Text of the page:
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Kaley Cuoco Says The Central Theme Of The Big Bang Theory Is Understanding

"The Big Bang Theory" was a fixture on the CBS schedule for 12 seasons. Over that time, it covered many topics and themes, from the love of geek-related fandoms to social awkwardness in characters with nerdy qualities, all done in a familiar, standard sitcom setting that many found comforting. When it went off the air in 2019, The Washington Post explained part of its appeal, writing, "It was the sweet sound of redundance and comfort — the rhythms of its wry jabs and retorts, the palatably odd mix of predictability and cerebral banter." 

Although the half-hour comedy series has received its share of criticism for doing a disservice to nerds, womenpeople of color, and society in general, others defend it to this day. The Verge, for example, said the show turned nerds into "the new normal," predicting, "'Nerd culture' in general — however one chooses to define it — may look back one day and realize that this much-maligned, cartoony little sitcom was more of a positive force than they thought." Physics Today even said that the characterization of the scientists at the heart of the show helped them "express resilience, persistence, and likability." 

At least one of the stars of the show would agree that "The Big Bang Theory," despite showing what non-viewers might consider stereotypical characters, may be a more positive influence. In the retrospective special on the series that aired after the show's finale, Kaley Cuoco explained why.

Cuoco points to an episode in which the women argue about comic books as an example

During "Unraveling the Mystery: A Big Bang Farewell," Kaley Cuoco reminisces about scenes her character Penny has with Bernadette (Melissa Rauch) and Amy (Mayim Bialik) have together. She recalls one in particular, which she and the other women are reading comic books. Apparently, co-star Johnny Galecki doesn't remember the episode very well — which makes sense, since the main characters' groups were split by gender in season 6's "The Bakersfield Expedition." Galecki asks, "Why was that?" And Cuoco replies, "We were trying to understand you guys, which is the theme of the whole show."

In the episode, "the guys" go off to the Bakersfield Comic-Con dressed as characters from "Star Trek: The Next Generation." Their girlfriends stay behind and get the brilliant idea to read comic books in an attempt to understand why the guys like them so much. After hitting the comic book shop, Penny picks up one featuring Thor because he's hot. Back at Penny's place, they finally finish reading and decide that the comics are stupid. Bernadette says, "It's crazy, they spend hours arguing over things that don't even exist."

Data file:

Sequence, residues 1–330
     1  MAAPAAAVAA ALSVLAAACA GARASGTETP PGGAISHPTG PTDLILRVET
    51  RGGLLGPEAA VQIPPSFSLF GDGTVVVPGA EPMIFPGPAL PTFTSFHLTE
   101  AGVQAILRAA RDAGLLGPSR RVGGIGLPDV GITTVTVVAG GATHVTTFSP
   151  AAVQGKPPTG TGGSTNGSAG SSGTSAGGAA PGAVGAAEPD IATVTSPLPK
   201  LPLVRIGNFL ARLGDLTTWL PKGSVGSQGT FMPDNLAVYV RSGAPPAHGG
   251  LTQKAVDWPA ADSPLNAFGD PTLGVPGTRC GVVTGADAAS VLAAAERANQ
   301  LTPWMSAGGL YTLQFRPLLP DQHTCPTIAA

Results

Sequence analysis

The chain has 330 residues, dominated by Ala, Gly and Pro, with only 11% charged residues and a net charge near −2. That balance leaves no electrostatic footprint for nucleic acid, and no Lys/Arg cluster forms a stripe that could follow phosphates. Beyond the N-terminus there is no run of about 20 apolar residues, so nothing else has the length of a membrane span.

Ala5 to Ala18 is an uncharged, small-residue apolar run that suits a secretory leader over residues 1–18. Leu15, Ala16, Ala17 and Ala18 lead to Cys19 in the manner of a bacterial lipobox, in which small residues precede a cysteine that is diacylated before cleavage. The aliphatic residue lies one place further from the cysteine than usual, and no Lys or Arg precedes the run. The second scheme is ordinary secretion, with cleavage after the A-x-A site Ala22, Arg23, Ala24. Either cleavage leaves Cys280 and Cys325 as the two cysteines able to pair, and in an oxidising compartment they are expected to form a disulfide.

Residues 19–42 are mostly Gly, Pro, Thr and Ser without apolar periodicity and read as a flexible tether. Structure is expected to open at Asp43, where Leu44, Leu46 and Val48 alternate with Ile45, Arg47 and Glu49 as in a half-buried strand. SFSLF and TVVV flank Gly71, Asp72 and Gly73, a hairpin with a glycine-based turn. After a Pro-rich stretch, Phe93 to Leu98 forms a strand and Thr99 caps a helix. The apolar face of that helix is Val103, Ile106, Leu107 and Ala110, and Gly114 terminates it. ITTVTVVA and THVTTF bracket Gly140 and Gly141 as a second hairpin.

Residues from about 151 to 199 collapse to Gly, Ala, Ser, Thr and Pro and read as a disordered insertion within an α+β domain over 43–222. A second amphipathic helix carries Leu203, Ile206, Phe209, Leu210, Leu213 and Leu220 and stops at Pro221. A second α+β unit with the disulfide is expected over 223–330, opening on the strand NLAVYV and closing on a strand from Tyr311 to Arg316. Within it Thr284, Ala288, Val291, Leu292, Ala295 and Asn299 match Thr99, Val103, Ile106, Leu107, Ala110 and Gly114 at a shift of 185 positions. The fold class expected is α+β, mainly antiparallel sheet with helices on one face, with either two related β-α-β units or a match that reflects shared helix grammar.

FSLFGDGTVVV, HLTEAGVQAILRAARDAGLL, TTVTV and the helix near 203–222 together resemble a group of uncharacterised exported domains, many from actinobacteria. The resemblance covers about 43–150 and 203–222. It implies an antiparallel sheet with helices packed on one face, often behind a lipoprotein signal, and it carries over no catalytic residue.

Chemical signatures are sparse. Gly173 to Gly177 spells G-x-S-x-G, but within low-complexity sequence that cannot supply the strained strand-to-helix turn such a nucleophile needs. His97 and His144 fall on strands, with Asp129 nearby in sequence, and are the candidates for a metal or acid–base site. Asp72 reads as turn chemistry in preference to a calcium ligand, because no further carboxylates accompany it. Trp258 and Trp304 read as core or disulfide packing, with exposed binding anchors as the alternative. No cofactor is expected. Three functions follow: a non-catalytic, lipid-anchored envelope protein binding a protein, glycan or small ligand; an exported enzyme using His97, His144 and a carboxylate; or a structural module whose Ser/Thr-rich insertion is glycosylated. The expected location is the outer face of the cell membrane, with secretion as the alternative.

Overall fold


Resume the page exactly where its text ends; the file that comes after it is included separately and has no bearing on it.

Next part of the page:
That doesn't stop them from getting into a heated (and hilarious) debate over the nature of Thor's hammer, though. It leads the women to reread the comic and then into Leonard (Galecki) and Sheldon's (Jim Parsons) apartment for more comics so they can settle the debate. By the time the men return, they're wondering if they've gone into an alternate universe. 

There's evidence that she's right, if you look at other favorite episodes

Kaley Cuoco is definitely on to something. After all, you could argue that some of the top-rated episodes of "The Big Bang Theory" also have to do with understanding. For example, the Season 3 episode "The Staircase Implementation," which reveals how Leonard and Sheldon became roommates, is an exercise in understanding — especially when Sheldon's smarts and his quick thinking lead to saving his friend's lives, in an event that also explains why the elevator to the apartment building is broken. 

In another favorite episode from Season 9, "The Opening Night Excitation," the guys have to convince Sheldon that he needs to spend time with Amy on her birthday — and he comes up with first-time sex as a potential gift, because he knows it's something she wants and he values his relationship with her. And "The Bath Item Gift Hypothesis," a favorite episode of fans and actors like Cuoco, shows that, after two seasons, she already understands who Sheldon is and is able to give him the best holiday present he's ever gotten (although she slightly misjudges why he is so excited about the napkin with both Leonard Nimoy's autograph and his DNA). 

The show even ends on an emotional note that evokes this theme. In the final episode, "The Stockholm Syndrome." Sheldon gives a touching speech when he wins the Nobel Prize, shouting out his friends for the way they "encouraged, sustained, inspired, and tolerated" him over the years.